LIVING ON THE ROCKY EDGE WITH THE SNOW LEOPARD
Updated: Sep 20
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Being an active photographer, one of the areas of the world I’m eager to visit, is Central Asia (also South Asia for that matter). I enjoy shooting wildlife more than any other subject and Asia contains amazing wildlife which you don’t find anywhere else. Argali big horned sheep, Saiga antelope, Asian lions, Asian bears, and of course the elusive snow leopard. I’ve loved cats since I was a child, all cats from my own adopted kitties to the apex predators of the animal kingdom. I even have a tiger tattooed on my shoulder. Many years I’ve been fascinated with the snow leopard, otherwise known as the ounce. Snow leopards are currently found in the following 12 countries: Russia, Pakistan, Nepal, Bhutan, Mongolia, Kazakhstan, India, Afghanistan, China, Uzbekistan, Tajikistan, and Kyrgyzstan (now officially known as Kyrgyz Republic). These countries have formed the Global Snow Leopard & Ecosystem Protection Program or GSLEP. While it is not actually considered to be endangered, it is listed as vulnerable. Due to the risks facing the snow leopard population, an alliance was formed by countries in the snow leopard range, NGOs, and scientists, to defend the habitat of the snow leopard. The snow leopard is part of the genus panthera. The felid is renowned for it’s shyness, as it will typically run off to avoid any confrontation with humans. It is extremely unlikely to see one in the wild and they are rarely spotted. The first ever recorded photograph of a snow leopard in the wild was taken by the wildlife biologist George Schaller in the region of Chitral Gol, Pakistan in 1970. Schaller later wrote of the encounter, “I SPOTTED THE SNOW LEOPARD on a rocky slope high in the Hindu Kush mountains of northern Pakistan on a December day in 1970. She had a kill, a domestic goat, and at the entrance to a rock cleft nearby were her two small cubs.” See directly below for Schaller’s photograph.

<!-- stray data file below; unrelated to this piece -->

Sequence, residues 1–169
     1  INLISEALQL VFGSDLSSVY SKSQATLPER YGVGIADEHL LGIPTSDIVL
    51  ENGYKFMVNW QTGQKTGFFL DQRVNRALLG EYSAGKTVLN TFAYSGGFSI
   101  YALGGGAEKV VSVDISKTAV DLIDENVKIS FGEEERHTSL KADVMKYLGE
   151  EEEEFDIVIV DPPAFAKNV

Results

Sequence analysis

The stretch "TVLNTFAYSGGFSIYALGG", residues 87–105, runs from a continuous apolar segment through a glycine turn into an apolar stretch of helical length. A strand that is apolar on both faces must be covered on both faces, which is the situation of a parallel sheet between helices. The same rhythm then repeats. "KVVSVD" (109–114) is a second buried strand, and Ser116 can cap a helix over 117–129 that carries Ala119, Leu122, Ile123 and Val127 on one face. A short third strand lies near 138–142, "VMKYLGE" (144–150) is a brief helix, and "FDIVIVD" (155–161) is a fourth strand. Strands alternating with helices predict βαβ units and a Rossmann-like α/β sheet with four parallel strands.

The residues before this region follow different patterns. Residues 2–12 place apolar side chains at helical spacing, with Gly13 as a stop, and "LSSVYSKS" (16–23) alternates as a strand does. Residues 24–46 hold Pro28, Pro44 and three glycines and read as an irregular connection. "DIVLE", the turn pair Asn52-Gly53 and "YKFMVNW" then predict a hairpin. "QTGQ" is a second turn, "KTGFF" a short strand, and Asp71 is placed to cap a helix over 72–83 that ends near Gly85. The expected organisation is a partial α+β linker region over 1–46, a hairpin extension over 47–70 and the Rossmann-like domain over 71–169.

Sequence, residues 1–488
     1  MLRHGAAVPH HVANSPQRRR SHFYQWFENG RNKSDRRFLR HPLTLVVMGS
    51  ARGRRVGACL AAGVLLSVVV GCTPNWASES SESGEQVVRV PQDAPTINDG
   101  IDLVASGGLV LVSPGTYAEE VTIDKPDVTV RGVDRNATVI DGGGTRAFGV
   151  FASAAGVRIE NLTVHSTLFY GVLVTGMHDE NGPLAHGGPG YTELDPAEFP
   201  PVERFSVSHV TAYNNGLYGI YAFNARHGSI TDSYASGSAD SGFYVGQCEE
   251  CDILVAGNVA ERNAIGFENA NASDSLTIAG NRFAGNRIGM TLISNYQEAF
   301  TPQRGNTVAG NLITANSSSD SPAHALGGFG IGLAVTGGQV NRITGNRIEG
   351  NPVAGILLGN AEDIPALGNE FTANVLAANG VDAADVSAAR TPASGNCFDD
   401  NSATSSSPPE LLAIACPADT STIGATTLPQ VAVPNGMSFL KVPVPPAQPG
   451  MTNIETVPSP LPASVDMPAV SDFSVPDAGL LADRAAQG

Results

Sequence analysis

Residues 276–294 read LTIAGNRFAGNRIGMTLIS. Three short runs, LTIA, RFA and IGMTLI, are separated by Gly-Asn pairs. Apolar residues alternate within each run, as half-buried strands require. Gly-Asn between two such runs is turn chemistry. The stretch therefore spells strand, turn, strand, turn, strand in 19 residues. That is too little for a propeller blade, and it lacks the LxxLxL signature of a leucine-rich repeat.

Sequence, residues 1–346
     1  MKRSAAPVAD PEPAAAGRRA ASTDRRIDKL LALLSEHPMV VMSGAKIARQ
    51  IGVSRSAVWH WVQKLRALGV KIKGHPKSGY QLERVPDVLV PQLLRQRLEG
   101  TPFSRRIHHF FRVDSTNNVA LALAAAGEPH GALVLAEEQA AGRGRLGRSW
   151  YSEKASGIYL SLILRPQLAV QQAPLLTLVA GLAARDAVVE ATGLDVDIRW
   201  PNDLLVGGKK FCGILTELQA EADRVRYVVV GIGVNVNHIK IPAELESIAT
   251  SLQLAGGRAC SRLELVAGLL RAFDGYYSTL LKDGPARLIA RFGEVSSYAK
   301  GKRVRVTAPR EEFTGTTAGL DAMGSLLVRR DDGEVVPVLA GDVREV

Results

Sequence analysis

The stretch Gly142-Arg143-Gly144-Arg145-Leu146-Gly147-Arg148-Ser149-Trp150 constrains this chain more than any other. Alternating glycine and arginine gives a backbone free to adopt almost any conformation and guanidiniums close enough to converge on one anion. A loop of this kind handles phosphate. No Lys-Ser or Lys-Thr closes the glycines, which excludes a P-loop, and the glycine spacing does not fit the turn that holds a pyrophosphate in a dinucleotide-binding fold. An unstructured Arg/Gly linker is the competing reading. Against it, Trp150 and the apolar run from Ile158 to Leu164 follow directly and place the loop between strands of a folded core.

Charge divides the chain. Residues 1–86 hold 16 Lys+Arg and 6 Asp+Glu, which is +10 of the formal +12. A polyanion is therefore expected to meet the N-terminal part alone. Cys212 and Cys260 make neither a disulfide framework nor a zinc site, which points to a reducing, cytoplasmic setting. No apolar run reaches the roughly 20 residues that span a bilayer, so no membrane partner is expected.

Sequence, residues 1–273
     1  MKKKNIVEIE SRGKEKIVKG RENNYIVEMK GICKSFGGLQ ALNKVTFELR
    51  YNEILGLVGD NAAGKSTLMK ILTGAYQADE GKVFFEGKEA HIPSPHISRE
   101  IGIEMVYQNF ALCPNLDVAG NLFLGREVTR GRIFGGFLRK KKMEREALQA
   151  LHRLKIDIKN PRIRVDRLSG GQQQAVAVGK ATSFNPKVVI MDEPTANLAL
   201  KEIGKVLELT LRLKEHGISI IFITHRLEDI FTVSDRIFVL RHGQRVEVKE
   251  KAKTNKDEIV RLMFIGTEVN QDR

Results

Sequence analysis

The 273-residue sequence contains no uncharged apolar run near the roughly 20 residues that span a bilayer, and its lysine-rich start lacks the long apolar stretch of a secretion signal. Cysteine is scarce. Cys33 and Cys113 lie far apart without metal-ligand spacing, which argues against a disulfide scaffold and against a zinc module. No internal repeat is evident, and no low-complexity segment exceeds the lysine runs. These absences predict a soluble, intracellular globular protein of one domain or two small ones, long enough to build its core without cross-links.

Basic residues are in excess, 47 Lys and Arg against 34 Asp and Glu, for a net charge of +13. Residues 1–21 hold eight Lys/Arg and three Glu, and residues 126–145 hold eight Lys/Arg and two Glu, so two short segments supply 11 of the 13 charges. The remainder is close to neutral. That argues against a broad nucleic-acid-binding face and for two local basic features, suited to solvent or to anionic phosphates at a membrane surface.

George Schaller, 1970, Pakistan.